Sunday, September 18, 2016

100 reviews # 10 Bad Moms at the Finnkino, Tampere

So, not much else going on for me this evening so I decided I would take myself to the cinema to see something that was not at all demanding. Actually, that didn't quite work out because Bad Moms is kind of a tricky one to work with. I did occasionally laugh, and that I think is due to the excellence of the three female leads who play the trio of 'bad moms'. Particularly Kristen Bell and that takes doing because in a sense her character really was the weakest. Doubly - she plays an actual weak person but also not a terribly well developed character. But then again, there are tons of elements in the movie that a less gung-ho director would have been finicky about; for instance, Christina Applegate's character, who's an appalling bully with a huge amount of money for whom power is everything and who runs the PTA at Whatevery Heights High with an iron fist, should surely have children at the school. But we never see them. Even in the 'run along and play' kind of sense. I am not even sure they are mentioned. Ditto Kathryn Hahn's ex-husband. He may have been mentioned - perhaps even by name, but I don't think so - but he is certainly not seen. Early in the film the dog gets sick, with vertigo which apparently means he is going to have diarrhoea for two days. Does he? Probably, but we never see it, which is fine, I mean, that's good, but it is also never mentioned again: there's no 'I'm glad the dog's better now' (we do see him later on, once I think, and he is fine).

It doesn't really matter because it's all trope, trope, trope. It kind of powers through on the strength of its own preposterosity, which I have to say I admire in lots of ways. Mila Kunis should probably be doing better movies (maybe she is - I don't know), Kristen Bell definitely should be doing everything (though damn it, I never saw the Veronica Mars film - I suppose I should have) and Kathryn Hahn is larger than life here and does pretty well with an inexplicable character who talks about dicks all the time.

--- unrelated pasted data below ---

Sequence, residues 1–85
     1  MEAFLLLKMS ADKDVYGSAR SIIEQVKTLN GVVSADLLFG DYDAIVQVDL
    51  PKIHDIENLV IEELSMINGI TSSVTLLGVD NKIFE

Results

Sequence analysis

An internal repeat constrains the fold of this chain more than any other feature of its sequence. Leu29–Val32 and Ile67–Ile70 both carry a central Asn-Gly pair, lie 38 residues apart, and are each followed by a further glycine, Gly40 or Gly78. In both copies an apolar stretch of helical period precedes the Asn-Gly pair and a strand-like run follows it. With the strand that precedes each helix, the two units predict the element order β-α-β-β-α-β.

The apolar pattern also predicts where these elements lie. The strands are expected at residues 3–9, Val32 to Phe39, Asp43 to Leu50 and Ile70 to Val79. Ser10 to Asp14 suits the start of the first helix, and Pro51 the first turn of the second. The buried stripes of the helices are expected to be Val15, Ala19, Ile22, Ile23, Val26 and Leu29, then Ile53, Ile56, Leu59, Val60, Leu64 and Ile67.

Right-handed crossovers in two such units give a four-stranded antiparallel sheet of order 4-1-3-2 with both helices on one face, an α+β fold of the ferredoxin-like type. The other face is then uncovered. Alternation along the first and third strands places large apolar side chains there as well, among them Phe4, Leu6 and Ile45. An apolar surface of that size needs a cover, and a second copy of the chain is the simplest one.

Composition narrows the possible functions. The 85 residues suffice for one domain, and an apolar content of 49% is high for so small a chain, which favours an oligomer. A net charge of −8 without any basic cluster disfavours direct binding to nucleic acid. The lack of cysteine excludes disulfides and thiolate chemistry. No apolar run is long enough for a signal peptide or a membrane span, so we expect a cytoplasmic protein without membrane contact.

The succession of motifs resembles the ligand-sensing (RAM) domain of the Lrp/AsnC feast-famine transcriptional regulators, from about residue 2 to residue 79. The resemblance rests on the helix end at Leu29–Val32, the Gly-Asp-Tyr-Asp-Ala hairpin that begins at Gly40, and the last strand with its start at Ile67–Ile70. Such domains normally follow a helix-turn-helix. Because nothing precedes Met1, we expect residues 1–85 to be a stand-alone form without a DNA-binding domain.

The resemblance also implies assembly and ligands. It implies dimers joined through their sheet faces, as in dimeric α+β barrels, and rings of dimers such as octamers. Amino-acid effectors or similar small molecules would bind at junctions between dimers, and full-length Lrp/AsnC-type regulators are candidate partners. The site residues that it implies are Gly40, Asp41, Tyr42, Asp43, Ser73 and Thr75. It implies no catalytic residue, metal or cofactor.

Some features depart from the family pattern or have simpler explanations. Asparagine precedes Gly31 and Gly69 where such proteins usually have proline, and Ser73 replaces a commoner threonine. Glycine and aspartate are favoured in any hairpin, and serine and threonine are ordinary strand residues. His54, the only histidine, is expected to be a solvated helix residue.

Truth is I'm more interested in talking about the experience of seeing a movie in a Finnish cinema. So I went in (I won't bore with the details of how weird the crazy behaviour of the ticket machine was - lucky I got there early enough to sort that out though). They showed advertising slides on a loop, I remember one was for Fanta the other ones I couldn't really fathom. There was quiet noise of talking and music behind them, which I wasn't sure about - whether it was meant to be deliberate, or whether it was bleeding through from another theatre or what. Then we had a bunch of ads for things like paint, insurance I think, Ikea (which the Finns pronounce 'ickier'), I can't remember what else. A man two seats away from me who was there with a woman i.e. on a date I suppose, started exploring his practice of loudly snorting and drinking his snot, which was a little distracting and it made me reflect one more time on entitlement - something I've been musing on a lot this year - in Australia I would feel much more irate about this disgusting practice. For some reason in another country I feel sufficiently distanced from it to not be completely repelled (though I was pretty fuckin' repelled). 

So the film itself - it was subtitled in both Finnish and Swedish. There were quite a few times when the subtitles were more indicative than comprehensive, and I guess except for rare instances, everything had to fit on one line because there would always be two lines of text on the screen. Quite an achievement for the translators, really. These aren't great examples but I never knew when really good examples would come up, of course:

These are all from an early sequence when Mila Kunis is trying to 'get laid' as they say and she is demonstrating how clueless and boring she is, at a club where apparently men are only interested in talking to interesting women, which maybe I don't get out much anymore, but I'm really not sure that's the main thing at clubs. BUT WHATEVER...

OK so the film has some interesting stuff going on. One thing is the ambivalence it has towards motherhood, or at least, it tries to tick too many boxes, of the girls goin' wild but then getting all teary about how much they love their horrible children. There is one scene where they're in a restaurant bagging their kids who are sitting at another table, then they start to get choked up about how much they love their children. Given the way the rest of the film's been going, you kind of expect some kind of punchline, to deflate the emotion. But no: emotion stays. There's more of that towards the end too. 

I know you're never, ever going to see this film but I figure I don't want to tell you the very end here but it's also really freakin' weird, and if you saw it you'd know what I mean - let's just say, after all that, because she's got money it's OK?! Or what is it supposed to mean? 

Yep. So, this is kind of trickle down from Bridesmaids, I get that, and it's also a bit Mean Girls, I get that too, that works for me, and it's also a little bit Sisters too. I'm not really selling it, I know. I don't want to or need to. 

It has a really good exchange between Mila Kunis' character and her son about entitlement which I wish I had written down. 

OK. Done. On the way back to my digs I saw these things: 


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